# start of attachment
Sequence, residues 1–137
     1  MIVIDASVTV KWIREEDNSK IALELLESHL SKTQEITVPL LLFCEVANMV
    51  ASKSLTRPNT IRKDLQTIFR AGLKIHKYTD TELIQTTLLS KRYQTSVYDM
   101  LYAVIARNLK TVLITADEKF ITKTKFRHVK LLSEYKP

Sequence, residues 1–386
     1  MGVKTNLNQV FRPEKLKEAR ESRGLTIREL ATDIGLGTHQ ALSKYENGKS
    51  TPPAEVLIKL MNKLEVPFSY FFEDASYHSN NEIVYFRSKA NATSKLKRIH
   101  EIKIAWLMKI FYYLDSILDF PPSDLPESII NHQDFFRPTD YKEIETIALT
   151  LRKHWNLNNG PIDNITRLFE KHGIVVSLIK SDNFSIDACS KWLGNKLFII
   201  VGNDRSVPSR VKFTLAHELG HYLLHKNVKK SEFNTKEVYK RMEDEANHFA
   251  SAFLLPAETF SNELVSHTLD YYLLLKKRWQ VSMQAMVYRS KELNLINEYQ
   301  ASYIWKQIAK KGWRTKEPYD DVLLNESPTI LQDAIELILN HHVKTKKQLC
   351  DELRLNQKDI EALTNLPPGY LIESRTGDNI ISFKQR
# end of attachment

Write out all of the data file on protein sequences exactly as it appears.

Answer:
Sequence, residues 1–137
     1  MIVIDASVTV KWIREEDNSK IALELLESHL SKTQEITVPL LLFCEVANMV
    51  ASKSLTRPNT IRKDLQTIFR AGLKIHKYTD TELIQTTLLS KRYQTSVYDM
   101  LYAVIARNLK TVLITADEKF ITKTKFRHVK LLSEYKP

Sequence, residues 1–386
     1  MGVKTNLNQV FRPEKLKEAR ESRGLTIREL ATDIGLGTHQ ALSKYENGKS
    51  TPPAEVLIKL MNKLEVPFSY FFEDASYHSN NEIVYFRSKA NATSKLKRIH
   101  EIKIAWLMKI FYYLDSILDF PPSDLPESII NHQDFFRPTD YKEIETIALT
   151  LRKHWNLNNG PIDNITRLFE KHGIVVSLIK SDNFSIDACS KWLGNKLFII
   201  VGNDRSVPSR VKFTLAHELG HYLLHKNVKK SEFNTKEVYK RMEDEANHFA
   251  SAFLLPAETF SNELVSHTLD YYLLLKKRWQ VSMQAMVYRS KELNLINEYQ
   301  ASYIWKQIAK KGWRTKEPYD DVLLNESPTI LQDAIELILN HHVKTKKQLC
   351  DELRLNQKDI EALTNLPPGY LIESRTGDNI ISFKQR